8. Positive changes in reading pattern take three generations to substantiate. In the case of a non-reading family, the decision to change the family reading pattern may be initiated by presenting reading as a valuable pursuit to the second generation. The up-take of reading by the initiating generation will not spontaneously generate any deep or abiding satisfaction with reading unless it already exists and coffee-table or pulp genre reading is the most likely outcome of the initiation.
The second generation reader, being read to and encouraged to read but with little evident support for the exercise (no books in the house, no observably positive attitude to reading) will accept the value of reading and of books without any need to establish a framework with which to process the reading. Nevertheless, this generation will present a positive reading model for their offspring though the quality of the reading may still draw censure from a puritanical literature teacher.
In consequence of this history, the third generation reader is, of course, born into a home in which books are evident, in which the pleasures of reading are both extolled and observably displayed. In a reading environment, the need to read is unquestioned, the need for a framework within which to process the reading becomes essential and discriminatory reading becomes a part of living - the notion that reading is a natural activity, as Williams (1990) observes, is supported in the literary household.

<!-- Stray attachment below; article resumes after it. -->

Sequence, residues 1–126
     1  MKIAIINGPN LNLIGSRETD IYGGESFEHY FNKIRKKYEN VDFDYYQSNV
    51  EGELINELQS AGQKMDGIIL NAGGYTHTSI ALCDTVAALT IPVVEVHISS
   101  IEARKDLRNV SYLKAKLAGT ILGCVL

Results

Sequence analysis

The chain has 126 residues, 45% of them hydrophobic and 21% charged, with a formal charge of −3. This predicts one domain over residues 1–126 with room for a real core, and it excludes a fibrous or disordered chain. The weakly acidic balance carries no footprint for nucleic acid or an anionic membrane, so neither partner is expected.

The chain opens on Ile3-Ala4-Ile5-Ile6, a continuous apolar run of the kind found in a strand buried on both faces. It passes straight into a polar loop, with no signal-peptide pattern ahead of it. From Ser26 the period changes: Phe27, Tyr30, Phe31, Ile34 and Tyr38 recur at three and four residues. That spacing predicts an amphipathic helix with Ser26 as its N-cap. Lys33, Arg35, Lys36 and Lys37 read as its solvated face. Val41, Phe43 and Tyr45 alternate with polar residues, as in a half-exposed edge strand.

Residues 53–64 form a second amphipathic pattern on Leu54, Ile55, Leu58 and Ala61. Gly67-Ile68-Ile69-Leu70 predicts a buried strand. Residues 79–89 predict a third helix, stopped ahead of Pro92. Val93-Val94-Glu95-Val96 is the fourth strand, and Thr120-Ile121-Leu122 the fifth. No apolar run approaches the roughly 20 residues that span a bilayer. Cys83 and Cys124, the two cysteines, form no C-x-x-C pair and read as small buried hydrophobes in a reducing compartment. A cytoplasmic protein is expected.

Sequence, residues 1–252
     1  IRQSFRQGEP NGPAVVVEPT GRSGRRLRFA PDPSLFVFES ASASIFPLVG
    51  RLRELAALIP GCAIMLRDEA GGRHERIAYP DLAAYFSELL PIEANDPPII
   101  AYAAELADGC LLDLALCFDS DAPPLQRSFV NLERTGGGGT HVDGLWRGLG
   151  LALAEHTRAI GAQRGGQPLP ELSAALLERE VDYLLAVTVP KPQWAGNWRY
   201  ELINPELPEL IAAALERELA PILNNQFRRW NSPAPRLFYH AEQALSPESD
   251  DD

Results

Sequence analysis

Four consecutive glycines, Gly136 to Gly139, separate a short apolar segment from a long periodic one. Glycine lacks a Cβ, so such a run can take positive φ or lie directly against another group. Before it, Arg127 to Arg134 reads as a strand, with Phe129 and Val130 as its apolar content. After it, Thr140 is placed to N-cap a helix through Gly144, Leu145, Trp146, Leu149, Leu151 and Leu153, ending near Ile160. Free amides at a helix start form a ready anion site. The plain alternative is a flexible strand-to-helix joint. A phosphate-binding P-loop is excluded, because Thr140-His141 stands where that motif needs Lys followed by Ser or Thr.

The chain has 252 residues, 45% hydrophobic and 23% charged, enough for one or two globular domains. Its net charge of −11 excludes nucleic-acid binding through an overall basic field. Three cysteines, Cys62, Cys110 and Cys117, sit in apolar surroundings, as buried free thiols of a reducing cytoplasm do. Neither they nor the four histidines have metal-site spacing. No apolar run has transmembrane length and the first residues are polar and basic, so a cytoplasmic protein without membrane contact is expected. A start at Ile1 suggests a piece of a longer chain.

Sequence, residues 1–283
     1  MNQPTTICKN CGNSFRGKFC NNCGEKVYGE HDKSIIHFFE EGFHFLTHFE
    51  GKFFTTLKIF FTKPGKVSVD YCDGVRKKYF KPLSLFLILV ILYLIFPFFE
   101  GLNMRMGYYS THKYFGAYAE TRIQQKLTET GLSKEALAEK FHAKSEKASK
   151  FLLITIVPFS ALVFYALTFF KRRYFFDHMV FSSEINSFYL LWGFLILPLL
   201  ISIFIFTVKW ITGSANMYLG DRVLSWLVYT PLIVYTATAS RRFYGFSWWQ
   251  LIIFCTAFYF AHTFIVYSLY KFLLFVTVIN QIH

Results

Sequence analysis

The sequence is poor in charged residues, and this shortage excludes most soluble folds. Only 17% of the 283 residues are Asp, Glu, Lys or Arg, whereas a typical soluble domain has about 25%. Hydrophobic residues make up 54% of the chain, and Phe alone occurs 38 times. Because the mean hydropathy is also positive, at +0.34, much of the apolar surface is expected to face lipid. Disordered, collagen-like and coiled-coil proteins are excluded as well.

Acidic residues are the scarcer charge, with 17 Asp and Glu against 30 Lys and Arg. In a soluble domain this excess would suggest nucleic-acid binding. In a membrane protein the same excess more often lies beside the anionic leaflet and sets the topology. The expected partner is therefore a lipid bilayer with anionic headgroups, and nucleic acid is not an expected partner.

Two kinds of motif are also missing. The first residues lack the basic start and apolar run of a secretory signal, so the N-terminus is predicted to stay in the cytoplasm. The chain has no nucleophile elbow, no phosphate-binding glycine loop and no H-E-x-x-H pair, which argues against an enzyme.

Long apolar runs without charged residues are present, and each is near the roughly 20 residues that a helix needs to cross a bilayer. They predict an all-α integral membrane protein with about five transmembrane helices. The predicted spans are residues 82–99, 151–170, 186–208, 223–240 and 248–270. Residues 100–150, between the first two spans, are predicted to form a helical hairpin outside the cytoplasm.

9. Negative changes in reading attitudes also take three generations to substantiate but the process is by no means as certain. Readers are harder to un-make than they are to make (despite some fleeting feelings to the contrary when we try to encourage our less willing readers) and evidence of reading as a positive pursuit is difficult to suppress in a home where it is valued. Nevertheless, association of reading with traumatic experience - the death of a parent, particular unpleasantry (incest) - or with an ongoing traumatic association such as bitterness between parents may be sufficient to extinguish the positive response.
10. While some people read to define reality, others read to establish that there is a viable alternative to reality - albeit a vicarious and fictional alternative. Few of these read science fiction and fantasy, more read romance and mystery stories.
Such observations as these require explanation and there is no clear evidence that existing theories of reading acquisition and development provide satisfactory explanation.
Bonding Babies WIth Books
It has become increasingly evident that parental influence during early childhood is significant in determining later behaviour and attitudes. Indeed, such influence is now regularly entered in mitigation during criminal proceedings. The childhood victim of sexual molestation, of alcoholic parents, of wife-beating husbands is accepted as having been traumatised during a psychologically vulnerable stage of development and of having diminished control over their later behaviour as a result of this early patterning.
The presumption upon which this diminished responsibility is predicated is that there is a psychological bonding or imprinting which occurs between babies and their primary care-givers which fundamentally influences all of their future development.